Last updated on April 2018

Ultrasound-guided Lumbar Periradicular Injection: a Non Irradiating Infiltration Technique


Brief description of study

We propose here to evaluate the precision of lumbar periradicular infiltration performed under a transverse ultrasound approach by performing a fluoroscopic control once the needle in the desired position. The effectiveness of the technique will be assessed by measuring different pain and disability scores at four weeks post-infiltration: the Visual analogue pain Scale score, the DN4 score, and the Oswestry disability score (ODI); The decrease in irradiation received will be collected, compared to that of the conventional fluoroscopic technique.

Detailed Study Description

Foraminal periradicular infiltrations for therapeutic purposes are currently recognized as an integral part of the treatment of radiculalgia, particularly in case of radiculalgia refractory to a well-conducted initial treatment, in combination with the rehabilitation and education of the patient. The incidence of low back pain, lumbar pain or pure radiculalgia in the general population is very high. In fact, the majority of people will experience at least once in their life low back pain or neck pain, favored by the growing aging of the population. This leads us to propose infiltrative techniques more and more modern, as much in the technique performed as in the type of medication used, presenting the best risk / benefit ratio. Infiltrations guided by imaging tend to become less and less "invasive", with the undeniable contribution of ultrasound as a major tool in the diagnostic and therapeutic approaches, both in specialized pain management clinic as in other medical specialties. To date, infiltrations are still mostly performed under fluoroscopic control by injection of contrast medium (epidurography), or under CT control, where the identification of the anatomical structures and therefore the target allows a greater accuracy of the level of infiltration. These two techniques have proven their effectiveness, but have significant disadvantages, such as the irradiation of the patient as well as that of the practitioner because of the number of daily acts performed; their cost, and the need for a radiologist in the case of a CT technique. For its part, ultrasound is easily available, easy to use, represents a lower cost, and the lack of irradiation.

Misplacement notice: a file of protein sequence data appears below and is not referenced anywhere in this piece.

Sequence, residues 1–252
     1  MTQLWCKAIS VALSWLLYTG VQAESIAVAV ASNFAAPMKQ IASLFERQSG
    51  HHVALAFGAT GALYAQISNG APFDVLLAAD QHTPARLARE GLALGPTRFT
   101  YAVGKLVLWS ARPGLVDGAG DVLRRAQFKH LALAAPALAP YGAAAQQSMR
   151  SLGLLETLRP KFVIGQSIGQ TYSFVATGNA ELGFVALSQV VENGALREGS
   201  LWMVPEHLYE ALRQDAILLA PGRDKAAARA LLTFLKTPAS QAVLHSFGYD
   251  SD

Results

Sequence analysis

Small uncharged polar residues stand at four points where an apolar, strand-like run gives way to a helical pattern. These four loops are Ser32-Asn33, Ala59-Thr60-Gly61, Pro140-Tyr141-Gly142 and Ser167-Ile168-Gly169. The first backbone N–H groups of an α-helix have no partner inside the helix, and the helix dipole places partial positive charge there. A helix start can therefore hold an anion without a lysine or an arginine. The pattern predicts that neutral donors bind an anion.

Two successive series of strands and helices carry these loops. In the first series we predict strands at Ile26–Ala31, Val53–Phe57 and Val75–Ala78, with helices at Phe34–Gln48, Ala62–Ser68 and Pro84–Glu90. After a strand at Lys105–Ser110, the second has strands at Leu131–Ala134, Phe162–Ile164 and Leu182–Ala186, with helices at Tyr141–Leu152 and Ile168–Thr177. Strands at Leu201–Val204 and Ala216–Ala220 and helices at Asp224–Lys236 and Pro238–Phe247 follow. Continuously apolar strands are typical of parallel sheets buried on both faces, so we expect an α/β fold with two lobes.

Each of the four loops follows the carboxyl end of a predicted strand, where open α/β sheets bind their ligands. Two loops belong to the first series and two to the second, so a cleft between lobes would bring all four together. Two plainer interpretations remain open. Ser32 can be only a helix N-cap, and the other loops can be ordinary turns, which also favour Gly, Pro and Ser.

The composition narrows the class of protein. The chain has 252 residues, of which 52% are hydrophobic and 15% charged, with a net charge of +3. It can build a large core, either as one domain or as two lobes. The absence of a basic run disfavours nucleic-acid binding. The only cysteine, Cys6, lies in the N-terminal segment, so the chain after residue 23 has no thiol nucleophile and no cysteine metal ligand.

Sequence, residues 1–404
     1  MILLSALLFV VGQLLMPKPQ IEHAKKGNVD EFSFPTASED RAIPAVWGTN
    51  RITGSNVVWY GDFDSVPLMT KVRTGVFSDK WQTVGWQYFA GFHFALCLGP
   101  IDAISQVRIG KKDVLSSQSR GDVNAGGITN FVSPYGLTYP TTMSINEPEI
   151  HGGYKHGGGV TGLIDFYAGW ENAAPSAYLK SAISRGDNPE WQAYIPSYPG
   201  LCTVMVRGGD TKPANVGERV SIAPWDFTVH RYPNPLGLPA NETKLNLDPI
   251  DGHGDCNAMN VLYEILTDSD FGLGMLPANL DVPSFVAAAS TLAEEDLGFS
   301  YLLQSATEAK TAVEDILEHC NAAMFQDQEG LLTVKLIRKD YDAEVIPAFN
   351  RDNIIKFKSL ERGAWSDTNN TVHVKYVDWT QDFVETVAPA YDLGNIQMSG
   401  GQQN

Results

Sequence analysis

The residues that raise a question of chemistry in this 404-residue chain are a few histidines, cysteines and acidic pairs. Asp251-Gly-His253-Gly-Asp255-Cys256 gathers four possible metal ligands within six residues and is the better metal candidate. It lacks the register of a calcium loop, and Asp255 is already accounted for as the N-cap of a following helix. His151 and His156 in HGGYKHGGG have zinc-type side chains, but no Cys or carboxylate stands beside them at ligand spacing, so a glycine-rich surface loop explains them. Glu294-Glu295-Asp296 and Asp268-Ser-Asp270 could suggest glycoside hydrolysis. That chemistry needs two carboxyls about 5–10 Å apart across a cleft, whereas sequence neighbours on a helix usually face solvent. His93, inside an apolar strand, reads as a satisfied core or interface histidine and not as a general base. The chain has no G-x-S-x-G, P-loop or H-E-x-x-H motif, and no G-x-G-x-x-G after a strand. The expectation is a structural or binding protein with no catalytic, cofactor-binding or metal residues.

In recent years ultrasound has proved effective in identifying anatomical structures of the spine and in the techniques of lumbar periradicular infiltration, whether performed in sagittal paramedian or oblique sagittal paramedian, the latter having shown a better intra-foraminal distribution of the injected product. (39.5% vs 87.5% in terms of intraforaminal diffusion of the contrast medium). In addition, teams have shown the superiority of ultrasound-guided lumbar foraminal infiltration compared with CT control in terms of time spent on infiltration, for exact accuracy in 90% of patients, and an improvement in radiculalgia at 1 month similar between the two techniques.

We propose here to evaluate the precision of lumbar periradicular infiltration performed under a transverse ultrasound approach by performing a fluoroscopic control once the needle in the desired position. The effectiveness of the technique will be assessed by measuring different pain and disability scores at four weeks post-infiltration: the Visual analogue pain scale score, the DN4 score, and the Oswestry disability score (ODI); The decrease in irradiation received will be collected, compared to that of the conventional fluoroscopic technique.

Clinical Study Identifier: NCT03453775

Find a site near you

Start Over

Hopital Erasme

Anderlecht, Belgium
  Connect »